Optimized Press Releases: Press Releases on Steroids

In this era of online media, PR and social marketing pros are providing value in new ways.

The gold standard for a brilliant press release today extends beyond mainstream press coverage and includes well-thought out SEO that generates direct traffic to an organization’s website and provides self-published news directly to the customer. The reporter or editor is no longer the middleman.

Third party endorsements from news media and bloggers are still valuable but a well written, keyword rich press release can generate thousands links and help “bury” bad news, poor product reviews and customer comments that show up in Google. Continue reading


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Filed under Digital PR, Media Relations, PR Planning & Strategy, Social Media

Strategy is an over-used buzzword

Definition: Strategynoun – a plan, method, or series of maneuvers or stratagems for obtaining a specific, goal or result.

When I hear people use the word “strategy”, I often wonder what they really mean or if they even know what they’ve just said.  So I ask them what they mean by “strategy”  and it turns out, the people that use the word the most, seem to understand the least.  This post is for you guys.

Call it what you will….brand strategy…PR strategy….customer engagement strategy.  Folks, it isn’t that hard to develop a PR strategy. There, I said it.  The secret is out. Here’s how you do it:  sit down, look at the challenges and the goals you want to accomplish, then map your tactics to them, and get to work. Sure it’s an over-simplification but I think this is better than watching  people throw the word around or spin their wheels by over-thinking the best “strategy”.  Let’s get beyond the buzzword to the real meaning behind the word as it relates to PR. Continue reading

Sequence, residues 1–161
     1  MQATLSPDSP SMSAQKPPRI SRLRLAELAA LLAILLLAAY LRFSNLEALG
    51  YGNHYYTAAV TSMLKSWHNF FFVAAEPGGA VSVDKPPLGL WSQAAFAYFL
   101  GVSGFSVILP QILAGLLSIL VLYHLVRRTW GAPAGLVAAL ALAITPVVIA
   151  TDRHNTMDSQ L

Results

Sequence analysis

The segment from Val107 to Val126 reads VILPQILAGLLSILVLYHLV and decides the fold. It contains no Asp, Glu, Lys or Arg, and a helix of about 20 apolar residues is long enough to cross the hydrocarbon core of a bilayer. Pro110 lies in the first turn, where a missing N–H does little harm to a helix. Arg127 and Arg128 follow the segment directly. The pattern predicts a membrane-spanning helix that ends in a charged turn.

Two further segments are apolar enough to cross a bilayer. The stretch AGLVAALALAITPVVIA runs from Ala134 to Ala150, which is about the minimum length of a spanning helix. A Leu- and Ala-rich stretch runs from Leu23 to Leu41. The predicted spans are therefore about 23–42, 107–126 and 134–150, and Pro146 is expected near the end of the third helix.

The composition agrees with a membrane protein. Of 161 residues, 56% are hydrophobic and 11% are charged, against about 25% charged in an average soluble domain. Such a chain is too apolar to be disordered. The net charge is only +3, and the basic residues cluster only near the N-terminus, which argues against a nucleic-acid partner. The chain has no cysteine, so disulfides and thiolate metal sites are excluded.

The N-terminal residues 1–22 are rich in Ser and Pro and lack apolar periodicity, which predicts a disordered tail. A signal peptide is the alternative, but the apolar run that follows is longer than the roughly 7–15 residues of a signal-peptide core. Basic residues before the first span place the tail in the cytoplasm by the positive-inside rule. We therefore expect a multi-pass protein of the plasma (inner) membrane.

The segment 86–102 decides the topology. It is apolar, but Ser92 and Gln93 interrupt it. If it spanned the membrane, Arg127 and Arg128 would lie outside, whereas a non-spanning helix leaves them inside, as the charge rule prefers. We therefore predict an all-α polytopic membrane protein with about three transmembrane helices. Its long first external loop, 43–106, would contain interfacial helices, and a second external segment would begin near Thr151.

Filed under PR Planning & Strategy, Public Relations General, Uncategorized

Pinterest PR Primer

The hottest tool to hit the social media scene is Pinterest, a digital bulletin board of sorts where users post theme-based image and video collections.  It connects everyone in the world through shared tastes and the “things” they find interesting.  It’s fun, easy, visually appealing and highly interactive.  And it’s catching on like wildfire!

Pinterest has nearly five million users, and is rapidly growing. Nearly 1.5 million unique users visit Pinterest daily, spending an average of 15 minutes a day on the site. While the primary users are currently women who post lifestyle-based vision boards, some brands are beginning to use Pinterest as a heavy-hitting marketing tool.

How can your company use Pinterest?   Here’s a short PR primer to get you started:

  • Create a Pinterest account – don’t forget to include a photo, your company’s website address and a brief  description in the “About” section.